On March 26th the U.S. Department of State published a FINAL RULE amending the ITAR effective immediately with a series of long awaited revisions and clarifications on activities that are NOT considered exports, re-exports or re-transfers and thus do NOT require licensing authorization by the Directorate of Defense Trade Controls (DDTC). While this new regulatory change contains many new wrinkles, two of the major changes to the ITAR that TSI Global Consulting sees as important elements for our clients include:

  1. Export, Re-Export and Re-Transfer of unclassified ITAR controlled technical data does NOT require authorization if such data is exported [with the exception that such data may not be “intentionally” exported, re-exported or re-transferred to countries subject to a US Arms embargo (ITAR  §126.1 countries or the Russian Federation] in a secured fashion using end to end encryption compliant with the Federal Information Processing Standards Publication 140–2 (FIPS 140–2) or its successors, supplemented by software implementation, cryptographic key management, and other procedures and controls that are in accordance with guidance provided in current U.S. National Institute for Standards and Technology (NIST) publications, or by other cryptographic means that provide security strength that is at least comparable to the minimum 128 bits of security strength achieved by the Advanced Encryption Standard (AES– 128)
  2. Transmitting or otherwise transferring within the same foreign country technical data between or among only U.S. persons, does NOT require DDTC authorization, so long as the transmission or transfer does not result in a release to a foreign person or transfer to a person prohibited from receiving the technical data.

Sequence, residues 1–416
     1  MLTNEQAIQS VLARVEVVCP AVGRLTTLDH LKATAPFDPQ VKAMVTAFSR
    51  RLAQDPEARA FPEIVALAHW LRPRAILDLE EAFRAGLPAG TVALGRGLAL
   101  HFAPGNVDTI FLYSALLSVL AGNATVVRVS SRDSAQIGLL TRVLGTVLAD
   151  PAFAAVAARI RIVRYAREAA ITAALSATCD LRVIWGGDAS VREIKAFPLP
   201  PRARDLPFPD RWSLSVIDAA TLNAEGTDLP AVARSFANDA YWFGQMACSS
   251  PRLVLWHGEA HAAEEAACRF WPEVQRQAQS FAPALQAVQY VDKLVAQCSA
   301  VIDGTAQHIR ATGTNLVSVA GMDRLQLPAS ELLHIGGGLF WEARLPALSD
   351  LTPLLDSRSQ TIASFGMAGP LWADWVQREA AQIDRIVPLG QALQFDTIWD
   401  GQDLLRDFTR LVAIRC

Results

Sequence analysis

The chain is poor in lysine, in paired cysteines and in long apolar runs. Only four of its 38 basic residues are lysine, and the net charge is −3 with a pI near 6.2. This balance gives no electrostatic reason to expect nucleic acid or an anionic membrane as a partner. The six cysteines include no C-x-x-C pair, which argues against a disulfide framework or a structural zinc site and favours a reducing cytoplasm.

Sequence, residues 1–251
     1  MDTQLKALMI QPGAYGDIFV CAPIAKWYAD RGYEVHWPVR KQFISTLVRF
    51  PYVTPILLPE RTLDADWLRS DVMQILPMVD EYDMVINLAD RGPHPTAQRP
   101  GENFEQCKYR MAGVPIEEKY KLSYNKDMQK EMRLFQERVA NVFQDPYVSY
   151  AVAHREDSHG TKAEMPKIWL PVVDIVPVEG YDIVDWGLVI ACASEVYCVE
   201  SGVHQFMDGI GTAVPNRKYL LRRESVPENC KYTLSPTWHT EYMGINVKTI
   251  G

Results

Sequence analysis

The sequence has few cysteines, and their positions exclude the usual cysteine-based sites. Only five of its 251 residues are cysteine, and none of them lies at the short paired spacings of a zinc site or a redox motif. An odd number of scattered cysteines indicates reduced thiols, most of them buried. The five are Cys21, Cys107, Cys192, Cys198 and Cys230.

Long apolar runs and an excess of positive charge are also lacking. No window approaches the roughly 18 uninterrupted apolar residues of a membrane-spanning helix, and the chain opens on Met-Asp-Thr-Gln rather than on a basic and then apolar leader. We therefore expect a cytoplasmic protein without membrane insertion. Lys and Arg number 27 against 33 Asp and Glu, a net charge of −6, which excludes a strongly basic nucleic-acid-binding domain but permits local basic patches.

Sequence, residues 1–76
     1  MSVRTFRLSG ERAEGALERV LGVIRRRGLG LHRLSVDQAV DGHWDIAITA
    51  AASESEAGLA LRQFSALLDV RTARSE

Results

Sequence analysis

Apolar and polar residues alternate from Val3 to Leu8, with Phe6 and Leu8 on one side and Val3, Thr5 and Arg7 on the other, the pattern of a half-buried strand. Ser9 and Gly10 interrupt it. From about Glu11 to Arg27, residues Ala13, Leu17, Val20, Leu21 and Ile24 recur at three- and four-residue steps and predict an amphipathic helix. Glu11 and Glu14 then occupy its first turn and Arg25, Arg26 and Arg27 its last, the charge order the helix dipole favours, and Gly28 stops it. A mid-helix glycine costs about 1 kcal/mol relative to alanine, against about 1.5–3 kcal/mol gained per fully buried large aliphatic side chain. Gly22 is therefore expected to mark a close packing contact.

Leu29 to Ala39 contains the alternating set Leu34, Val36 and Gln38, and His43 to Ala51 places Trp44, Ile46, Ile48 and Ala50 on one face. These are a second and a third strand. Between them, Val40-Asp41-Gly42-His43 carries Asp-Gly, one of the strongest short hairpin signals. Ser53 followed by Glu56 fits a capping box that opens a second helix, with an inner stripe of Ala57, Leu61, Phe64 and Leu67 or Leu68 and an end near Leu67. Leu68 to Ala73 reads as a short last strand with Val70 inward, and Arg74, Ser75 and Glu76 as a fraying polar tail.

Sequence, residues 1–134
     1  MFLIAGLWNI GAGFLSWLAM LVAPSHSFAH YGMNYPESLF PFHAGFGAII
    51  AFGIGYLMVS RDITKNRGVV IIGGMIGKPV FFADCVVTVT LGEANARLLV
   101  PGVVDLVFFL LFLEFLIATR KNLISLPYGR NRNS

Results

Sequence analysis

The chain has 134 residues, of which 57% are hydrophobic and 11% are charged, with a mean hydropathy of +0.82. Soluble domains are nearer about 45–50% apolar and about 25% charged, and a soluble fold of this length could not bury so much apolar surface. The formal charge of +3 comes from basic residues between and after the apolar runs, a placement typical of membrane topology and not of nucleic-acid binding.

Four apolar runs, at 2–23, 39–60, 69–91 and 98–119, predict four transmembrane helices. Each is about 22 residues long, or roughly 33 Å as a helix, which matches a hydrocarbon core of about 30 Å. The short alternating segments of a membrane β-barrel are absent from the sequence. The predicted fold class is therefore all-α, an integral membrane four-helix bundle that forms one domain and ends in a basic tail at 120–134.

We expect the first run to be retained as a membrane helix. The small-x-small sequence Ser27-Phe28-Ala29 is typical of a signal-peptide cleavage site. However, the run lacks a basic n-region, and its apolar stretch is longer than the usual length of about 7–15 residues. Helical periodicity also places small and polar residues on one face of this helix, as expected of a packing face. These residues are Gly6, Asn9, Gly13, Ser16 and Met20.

TSI Global Consulting Commentary:

Point (1) above effectively makes it clear that ITAR registered entities can store unclassified ITAR technical data that is properly encrypted using AES 128 Bit security in the cloud provided you take reasonable measures to ensure that the cloud service you are using is not located in Russia, China, or any Proscribed/ITAR military embargoed country delineated in ITAR  §126.1. Release of such data in country through providing the de-encryption code(s) does require DDTC authorization but mere storage of the data does not constitute and export, re-export or transfer. What this new ruling also means is that under the ITAR you could hand carry an external hard drive or have properly encrypted unclassified data stored on a laptop computer that is taken out of the country to most countries and as long as the data is not de-encrypted or released while abroad such an “event” would not be considered an export, re-export or re-transfer and thus not require DDTC authorization.

Point (2) effectively means that unclassified ITAR technical data that is authorized by DDTC for export to country “x” can be re-transferred within country “x” to US persons without need for obtaining DDTC authorization provided such US persons are not on a US government denied party list. This regulatory change provides opportunities in cases where technical data needs to be shared with US contractors, subcontractors, and US military personnel abroad allowing for such interchange provided it takes place in the same country where data was authorized for export/release and that re-transfer/release is limited to US persons.

For further details on the complete scope of this Final Rule please contact TSI Global Consulting, LLC.

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